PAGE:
• Package or standalone antivirus/antispyware software. Most antivirus/antispyware software companies sell a program that only scans for viruses, as well as selling full security packages that provide other protection including firewall, spam filtering, antispyware and parental controls. Antivirus/antispyware packages alone normally cost from £20 and full packages from £30. A package should include everything you need to protect your PC against online threats, is easy to use as everything is controlled from one screen, and is cheaper than buying each component separately.
  • Free antivirus/antispyware software.There are a number of antivirus/antispyware products that are free for personal or non-commercial use. In most cases, these ‘free’ products are no-frills versions of purchasable products which the manufacturer hopes you will upgrade to in the future. The protection factor is likely to be equivalent to the paid-for version, but there may be limited or no technical support and some reduced functionality, for example in scheduling full scans.
  • Windows Defender software is included – and enabled by default – in Windows Vista and Windows 7, and is available as a free download for Windows XP and Windows Server 2003. The Microsoft product is designed to prevent, remove, and quarantine spyware in Microsoft Windows. It was formerly known as Microsoft AntiSpyware.
Some manufacturers and retailers provide various security software bundled with the computer. You do not have to use the security software supplied, but if you decide to keep it, do not forget to subscribe once the free trial period is over so that it stays up to date.

Where to get antivirus/antispyware software

Antivirus/antispyware software and internet security packages are available to purchase from a variety of high street and online retailers as well as from the software manufacturers’ own websites. When purchasing in store, it is normal to load a disk and then download updates over the internet when prompted. When purchasing online, you will automatically download the latest version incorporating all updates.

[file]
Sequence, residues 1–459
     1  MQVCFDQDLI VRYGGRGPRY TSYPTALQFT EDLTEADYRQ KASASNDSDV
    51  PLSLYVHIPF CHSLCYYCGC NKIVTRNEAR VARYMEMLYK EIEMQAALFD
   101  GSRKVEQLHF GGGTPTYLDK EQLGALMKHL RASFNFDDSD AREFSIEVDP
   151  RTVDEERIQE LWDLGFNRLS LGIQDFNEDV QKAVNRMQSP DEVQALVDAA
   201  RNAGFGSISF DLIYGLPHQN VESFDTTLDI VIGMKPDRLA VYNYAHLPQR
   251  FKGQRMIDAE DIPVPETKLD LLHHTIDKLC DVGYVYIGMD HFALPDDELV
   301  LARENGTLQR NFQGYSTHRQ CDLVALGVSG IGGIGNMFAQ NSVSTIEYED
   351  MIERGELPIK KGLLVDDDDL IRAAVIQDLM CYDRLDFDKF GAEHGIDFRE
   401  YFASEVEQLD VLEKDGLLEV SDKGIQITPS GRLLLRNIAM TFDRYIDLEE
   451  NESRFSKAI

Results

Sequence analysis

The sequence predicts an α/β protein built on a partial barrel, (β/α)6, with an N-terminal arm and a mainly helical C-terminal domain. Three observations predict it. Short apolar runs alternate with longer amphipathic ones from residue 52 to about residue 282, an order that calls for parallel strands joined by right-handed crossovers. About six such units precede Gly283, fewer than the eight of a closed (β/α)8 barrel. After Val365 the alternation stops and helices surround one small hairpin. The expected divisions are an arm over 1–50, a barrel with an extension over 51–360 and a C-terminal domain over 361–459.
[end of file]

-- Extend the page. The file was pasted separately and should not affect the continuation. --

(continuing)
Free antivirus/antispyware software and internet security packages as described above, are available from some internet service providers (ISPs) and banks. It is also possible to download free antivirus/antispyware software from the internet, but be sure you are using a trustworthy website.

Virus & Spyware Protection 

  • Apart from installing antivirus/antispyware software and keeping it updated, there are a number of other ways in which to keep your computer protected against viruses and spyware. After all, prevention is better than cure.
  • Do not open any files attached to an email from an unknown, suspicious or untrustworthy source.
  • Uninstall one antivirus program before you install another.
  • Be careful with USB connected devices (eg memory sticks, external hard drives, MP3 players) as they are very common carriers of viruses.
  • Be careful with CDs/DVDs as they can also contain viruses.
  • Do not open any files from web-based digital file delivery companies (eg YouSendIt, Dropbox) that have been uploaded from an unknown, suspicious or untrustworthy source.
  • Switch on macro protection in Microsoft Office applications like Word and Excel.
  • Buy only reputable software from reputable companies.
  • When downloading free software, do so with extreme caution.